WHY WOMEN BELIEVE IN GODby Don Lacey on May. 02, 2012, under Atheism, Christianity, Clarity, Critical Thinking, Faith, God & Bible, History, Islam, Logic, Mormonism, Question of the Day!, Reason, Religion
Another short excerpt from Out of God’s Closet by Dr. Stephen Uhl (with permission)
WHY WOMEN BELIEVE IN GOD
Seeing the gross male chauvinism that has stood out in most historic religions, I have asked myself many times, why do more women believe in God and attend church than men? The answer is complex and has a great deal to do with pre-twenty-first century women’s self-confidence and self-esteem.
Traditional male chauvinism in the Bible, Koran and Book of Mormon, following earlier pagan traditions, all assumed God to be male. Some religions have even worshiped God’s phallus. Male priesthoods gave the cushy and powerful religious jobs to men, while women were left to serve in secondary roles if at all. Since the male priests represented a male God, chauvinism became institutionalized by history’s longitudinal crowd. Scripture repeatedly tells women to be silent in church and to be subject to their husbands. The result in the past has been for women, officially and traditionally treated as inferiors, to consider themselves as inferior. If any fallacy is repeated often enough, it is eventually believed by many! With low self-esteem resulting from abusive male chauvinism, it is harder for women to be self-confident and self-reliant. So, if chauvinistic society is abusive, dependent women can find strength by escaping into the supernatural. I can understand how a female victim of male chauvinism would readily resort to wishful thinking and tell herself: “There just has to be more fairness in the totality of life than this; I deserve better. I feel safer in the arms of Jesus; God will strengthen and reward me.” (The deep religious faith of the abused black slaves in American history was another graphic demonstration of this escapist dynamic of wishful thinking. Though these poor slaves may not have been allowed to read, they were allowed their religion for the consolation, hope and strength they drew from it.) Women’s lack of self-reliance based in male chauvinistic abuse has kept many of them seeking the strength and consolation of a Higher Power with promises of better things to come.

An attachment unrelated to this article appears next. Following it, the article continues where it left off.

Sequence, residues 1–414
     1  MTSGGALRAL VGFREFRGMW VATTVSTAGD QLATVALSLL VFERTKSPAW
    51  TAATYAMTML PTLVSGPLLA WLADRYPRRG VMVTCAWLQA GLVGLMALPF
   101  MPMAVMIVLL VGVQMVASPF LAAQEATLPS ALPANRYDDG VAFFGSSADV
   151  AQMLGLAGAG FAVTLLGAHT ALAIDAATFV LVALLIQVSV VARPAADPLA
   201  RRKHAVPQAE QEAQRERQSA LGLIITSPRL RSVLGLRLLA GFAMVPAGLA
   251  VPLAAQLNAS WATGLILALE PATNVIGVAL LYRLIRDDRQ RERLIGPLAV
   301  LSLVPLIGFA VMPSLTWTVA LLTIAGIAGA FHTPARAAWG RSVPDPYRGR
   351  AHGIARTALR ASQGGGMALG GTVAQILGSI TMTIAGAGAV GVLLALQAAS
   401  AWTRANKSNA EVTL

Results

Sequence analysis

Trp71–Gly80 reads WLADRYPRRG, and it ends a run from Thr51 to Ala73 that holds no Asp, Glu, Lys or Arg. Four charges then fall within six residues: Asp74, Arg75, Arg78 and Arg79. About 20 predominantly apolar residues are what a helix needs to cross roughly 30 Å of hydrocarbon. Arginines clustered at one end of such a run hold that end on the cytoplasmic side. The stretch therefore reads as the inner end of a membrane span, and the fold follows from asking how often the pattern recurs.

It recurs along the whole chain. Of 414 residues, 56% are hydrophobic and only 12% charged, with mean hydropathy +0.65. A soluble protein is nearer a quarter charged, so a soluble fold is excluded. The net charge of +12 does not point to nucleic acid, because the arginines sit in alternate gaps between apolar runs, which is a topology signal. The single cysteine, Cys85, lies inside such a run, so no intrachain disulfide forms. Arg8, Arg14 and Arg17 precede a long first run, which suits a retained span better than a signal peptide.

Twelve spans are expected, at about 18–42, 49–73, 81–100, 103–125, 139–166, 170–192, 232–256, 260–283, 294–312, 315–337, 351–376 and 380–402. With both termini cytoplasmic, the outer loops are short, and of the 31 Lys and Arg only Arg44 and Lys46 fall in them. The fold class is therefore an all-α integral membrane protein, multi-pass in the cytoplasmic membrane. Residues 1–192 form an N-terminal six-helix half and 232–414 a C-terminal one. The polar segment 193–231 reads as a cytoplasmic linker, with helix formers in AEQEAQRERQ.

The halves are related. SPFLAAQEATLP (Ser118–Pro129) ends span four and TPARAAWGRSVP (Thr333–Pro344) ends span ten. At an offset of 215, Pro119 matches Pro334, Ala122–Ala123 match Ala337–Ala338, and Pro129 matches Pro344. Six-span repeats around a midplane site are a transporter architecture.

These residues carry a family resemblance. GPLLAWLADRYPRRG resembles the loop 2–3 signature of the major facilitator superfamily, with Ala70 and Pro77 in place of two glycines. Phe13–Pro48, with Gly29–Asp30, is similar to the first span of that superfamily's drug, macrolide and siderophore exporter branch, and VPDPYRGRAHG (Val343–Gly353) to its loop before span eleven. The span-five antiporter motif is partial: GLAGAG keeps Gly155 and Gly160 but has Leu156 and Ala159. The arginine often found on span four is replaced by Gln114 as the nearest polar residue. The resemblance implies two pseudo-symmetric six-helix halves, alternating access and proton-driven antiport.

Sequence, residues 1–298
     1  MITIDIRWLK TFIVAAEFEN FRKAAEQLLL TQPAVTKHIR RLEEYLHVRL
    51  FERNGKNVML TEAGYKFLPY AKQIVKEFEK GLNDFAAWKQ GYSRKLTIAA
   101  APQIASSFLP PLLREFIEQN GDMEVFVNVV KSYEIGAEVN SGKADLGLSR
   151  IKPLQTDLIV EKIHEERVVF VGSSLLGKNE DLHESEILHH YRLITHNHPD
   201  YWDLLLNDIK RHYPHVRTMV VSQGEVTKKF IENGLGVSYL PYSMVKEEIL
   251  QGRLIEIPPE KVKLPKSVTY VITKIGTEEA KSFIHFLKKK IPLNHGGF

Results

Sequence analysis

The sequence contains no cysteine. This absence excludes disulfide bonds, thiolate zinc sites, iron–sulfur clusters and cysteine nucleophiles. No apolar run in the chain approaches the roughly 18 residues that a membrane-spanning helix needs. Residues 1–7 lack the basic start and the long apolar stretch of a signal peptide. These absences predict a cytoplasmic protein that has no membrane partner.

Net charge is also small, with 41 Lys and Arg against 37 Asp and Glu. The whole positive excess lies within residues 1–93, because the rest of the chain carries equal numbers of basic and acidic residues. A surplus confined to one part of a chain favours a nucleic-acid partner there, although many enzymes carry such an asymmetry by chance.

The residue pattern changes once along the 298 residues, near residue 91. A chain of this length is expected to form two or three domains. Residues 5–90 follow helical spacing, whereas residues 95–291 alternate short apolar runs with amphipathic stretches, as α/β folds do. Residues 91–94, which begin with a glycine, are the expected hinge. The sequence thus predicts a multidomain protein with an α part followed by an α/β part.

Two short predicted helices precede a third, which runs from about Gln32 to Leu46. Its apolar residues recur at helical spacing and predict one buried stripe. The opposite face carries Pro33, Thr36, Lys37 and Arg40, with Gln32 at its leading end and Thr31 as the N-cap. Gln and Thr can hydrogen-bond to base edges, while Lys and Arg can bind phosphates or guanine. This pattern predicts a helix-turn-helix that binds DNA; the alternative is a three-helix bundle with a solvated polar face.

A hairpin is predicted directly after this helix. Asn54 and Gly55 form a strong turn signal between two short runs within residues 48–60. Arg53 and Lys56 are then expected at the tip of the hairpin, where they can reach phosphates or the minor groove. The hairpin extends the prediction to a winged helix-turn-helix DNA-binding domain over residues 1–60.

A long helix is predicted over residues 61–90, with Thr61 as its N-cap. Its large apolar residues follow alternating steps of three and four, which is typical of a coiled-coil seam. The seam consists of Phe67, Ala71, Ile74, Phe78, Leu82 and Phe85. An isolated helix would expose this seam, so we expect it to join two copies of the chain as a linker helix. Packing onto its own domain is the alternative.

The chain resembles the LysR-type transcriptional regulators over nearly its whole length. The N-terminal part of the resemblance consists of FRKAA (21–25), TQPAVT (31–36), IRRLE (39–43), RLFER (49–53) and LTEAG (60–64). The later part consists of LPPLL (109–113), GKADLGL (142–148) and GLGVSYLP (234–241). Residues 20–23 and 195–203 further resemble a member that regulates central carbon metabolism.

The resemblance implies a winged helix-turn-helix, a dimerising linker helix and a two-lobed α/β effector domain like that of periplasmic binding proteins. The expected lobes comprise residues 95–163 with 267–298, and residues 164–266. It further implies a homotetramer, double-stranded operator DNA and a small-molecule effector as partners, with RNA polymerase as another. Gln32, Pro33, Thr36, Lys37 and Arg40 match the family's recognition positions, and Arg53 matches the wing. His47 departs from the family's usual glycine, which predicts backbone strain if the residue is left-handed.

Thankfully, modern American women are shaking off much of the tyranny born of traditional chauvinism. Women are not currently typed “the weaker sex” in America nearly as readily as historically or as in more theocratic parts of the world. Evidence of growing female ego-strength continues to grow rapidly in this early part of the twenty-first century. However, if you go to church or study the pictures of Christian religious crowds, count the heads, yes, even in America, and you will see there is still quite a way to go. Certainly in religious circles, the equality of the sexes is not yet!